The schools in our area are back in session very soon, so I thought I would dig out the uniform from last term and have a look at the condition of it. I’ve spoken before about removing stains from otherwise well-fitting items, but stains are some of the easier things to remedy.
Harder, are the little tears which result from slightly-too-long-trousers being rubbed along the ground, or from sweater cuffs being teased at with teeth during difficult sums.
I thought we’d start with a trouser leg cuff.
I started by turning the trousers inside out and unpicking the half of the cuff with a hole in it.
Here, you can see how big the hole is, and how frayed the edges are.
For the purposes of this post, I drew roughly along where I planned to stitch the fabric using tailor’s chalk. It doesn’t show up especially well, but I hope you can make it out.
It’s possibly easier to see in this photo as I’ve already started stitching. I tried to get as close to the edge as I could so that I lost as little length as possible.
Here it is, all stitched up. The raw edges will be contained within the cuff, so there’s much less risk of fraying now.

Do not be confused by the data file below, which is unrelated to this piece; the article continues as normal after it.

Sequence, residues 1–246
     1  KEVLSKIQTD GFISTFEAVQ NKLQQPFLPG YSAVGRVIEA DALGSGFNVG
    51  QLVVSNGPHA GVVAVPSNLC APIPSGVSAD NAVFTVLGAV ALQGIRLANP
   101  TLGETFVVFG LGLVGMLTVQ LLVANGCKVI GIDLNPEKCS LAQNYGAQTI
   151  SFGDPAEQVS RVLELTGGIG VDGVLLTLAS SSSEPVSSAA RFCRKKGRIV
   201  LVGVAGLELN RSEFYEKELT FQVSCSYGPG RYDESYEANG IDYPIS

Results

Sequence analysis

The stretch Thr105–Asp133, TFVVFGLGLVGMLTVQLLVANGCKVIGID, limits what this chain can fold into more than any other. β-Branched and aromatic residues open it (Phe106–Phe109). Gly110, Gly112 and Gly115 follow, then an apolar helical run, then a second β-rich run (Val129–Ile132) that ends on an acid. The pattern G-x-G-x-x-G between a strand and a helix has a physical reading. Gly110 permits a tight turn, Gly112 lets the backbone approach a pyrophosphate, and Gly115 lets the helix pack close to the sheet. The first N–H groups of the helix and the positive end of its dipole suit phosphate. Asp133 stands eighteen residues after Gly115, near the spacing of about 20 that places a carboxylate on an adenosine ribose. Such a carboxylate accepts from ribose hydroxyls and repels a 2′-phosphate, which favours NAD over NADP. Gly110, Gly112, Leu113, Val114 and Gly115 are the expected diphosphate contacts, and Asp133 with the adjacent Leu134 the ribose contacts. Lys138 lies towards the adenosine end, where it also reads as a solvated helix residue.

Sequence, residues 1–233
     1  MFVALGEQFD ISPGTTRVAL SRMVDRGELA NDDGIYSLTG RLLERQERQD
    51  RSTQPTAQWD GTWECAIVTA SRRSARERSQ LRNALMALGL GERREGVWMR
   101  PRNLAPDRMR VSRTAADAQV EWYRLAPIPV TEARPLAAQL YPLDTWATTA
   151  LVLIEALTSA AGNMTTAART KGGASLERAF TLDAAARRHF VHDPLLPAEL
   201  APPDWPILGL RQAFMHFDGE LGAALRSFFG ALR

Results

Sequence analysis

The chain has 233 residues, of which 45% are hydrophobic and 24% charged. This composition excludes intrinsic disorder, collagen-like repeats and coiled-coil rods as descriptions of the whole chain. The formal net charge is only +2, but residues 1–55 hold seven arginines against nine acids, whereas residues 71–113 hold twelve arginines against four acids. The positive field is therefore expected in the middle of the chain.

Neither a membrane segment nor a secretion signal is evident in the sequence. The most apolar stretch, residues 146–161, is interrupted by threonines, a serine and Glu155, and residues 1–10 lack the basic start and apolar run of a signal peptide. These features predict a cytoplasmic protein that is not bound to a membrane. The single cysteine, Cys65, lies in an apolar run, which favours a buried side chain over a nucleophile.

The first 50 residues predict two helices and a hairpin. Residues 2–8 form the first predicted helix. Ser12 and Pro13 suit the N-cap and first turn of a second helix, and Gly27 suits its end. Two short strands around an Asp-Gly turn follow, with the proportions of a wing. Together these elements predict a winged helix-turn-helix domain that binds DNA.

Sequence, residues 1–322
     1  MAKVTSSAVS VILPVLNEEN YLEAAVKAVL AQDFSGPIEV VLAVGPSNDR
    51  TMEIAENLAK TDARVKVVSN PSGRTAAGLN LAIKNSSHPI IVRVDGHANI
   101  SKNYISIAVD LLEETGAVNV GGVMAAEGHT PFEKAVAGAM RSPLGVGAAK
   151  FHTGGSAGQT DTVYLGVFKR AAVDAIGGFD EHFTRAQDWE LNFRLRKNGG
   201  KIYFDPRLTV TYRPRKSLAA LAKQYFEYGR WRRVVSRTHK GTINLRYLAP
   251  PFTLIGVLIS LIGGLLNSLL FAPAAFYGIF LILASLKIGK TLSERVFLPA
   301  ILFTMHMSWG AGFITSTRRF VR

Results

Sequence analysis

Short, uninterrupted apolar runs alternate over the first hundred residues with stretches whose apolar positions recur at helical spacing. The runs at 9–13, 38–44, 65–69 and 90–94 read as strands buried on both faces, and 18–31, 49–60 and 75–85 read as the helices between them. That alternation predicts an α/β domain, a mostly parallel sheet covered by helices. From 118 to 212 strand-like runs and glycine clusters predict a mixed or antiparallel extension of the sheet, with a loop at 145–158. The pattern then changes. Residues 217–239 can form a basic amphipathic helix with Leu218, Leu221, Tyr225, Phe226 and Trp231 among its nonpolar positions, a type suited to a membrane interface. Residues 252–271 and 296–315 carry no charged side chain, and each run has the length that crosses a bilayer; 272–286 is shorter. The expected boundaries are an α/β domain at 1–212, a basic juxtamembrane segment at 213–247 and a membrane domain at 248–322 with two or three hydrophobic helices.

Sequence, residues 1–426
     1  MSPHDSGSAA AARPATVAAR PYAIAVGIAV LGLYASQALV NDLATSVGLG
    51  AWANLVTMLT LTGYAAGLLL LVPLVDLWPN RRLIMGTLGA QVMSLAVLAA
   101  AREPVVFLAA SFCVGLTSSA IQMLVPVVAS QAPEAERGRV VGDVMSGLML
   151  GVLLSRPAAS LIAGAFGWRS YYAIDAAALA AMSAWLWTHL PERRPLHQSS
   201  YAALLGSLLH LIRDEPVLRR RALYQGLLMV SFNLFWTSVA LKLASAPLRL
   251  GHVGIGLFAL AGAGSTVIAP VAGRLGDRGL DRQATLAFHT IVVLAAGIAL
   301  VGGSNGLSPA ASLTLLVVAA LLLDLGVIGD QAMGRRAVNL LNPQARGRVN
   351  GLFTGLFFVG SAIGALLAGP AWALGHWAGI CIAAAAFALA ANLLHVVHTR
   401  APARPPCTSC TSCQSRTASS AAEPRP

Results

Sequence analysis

Next, it’s just a case of folding the cuff back into place and stitching it down again. As you can see, the edges of the trouser leg no longer line up, but when these are being worn, you won’t be able to see this at all.
To reattach the cuff, I used a simple whip-stitch (or felling stitch), taking care to only catch the tiniest bit of the leg fabric with the needle.
When the repair is finished, it looks like this – it’s only a little neater, but it is significantly less likely to unravel. Again, you won’t notice this mend when the trousers are worn because of how the fabric hangs over the shoe.
This is how it looks ‘end-on’. You can see the tuck, but if the difference in the way this is folded bothers you, then you can continue stitching all the way around the inside of the cuff…
Which is a repair I’ll show you on a sweater at some point soon…
Do schools use uniforms where you are? If they do, do you buy new every year, second-hand, or repair the previous ones (presuming they still fit)? What are your uniforms made of? Our logo’ed ones are all poly-cotton blends, which is far from ideal.
As ever, I would love to hear your thoughts!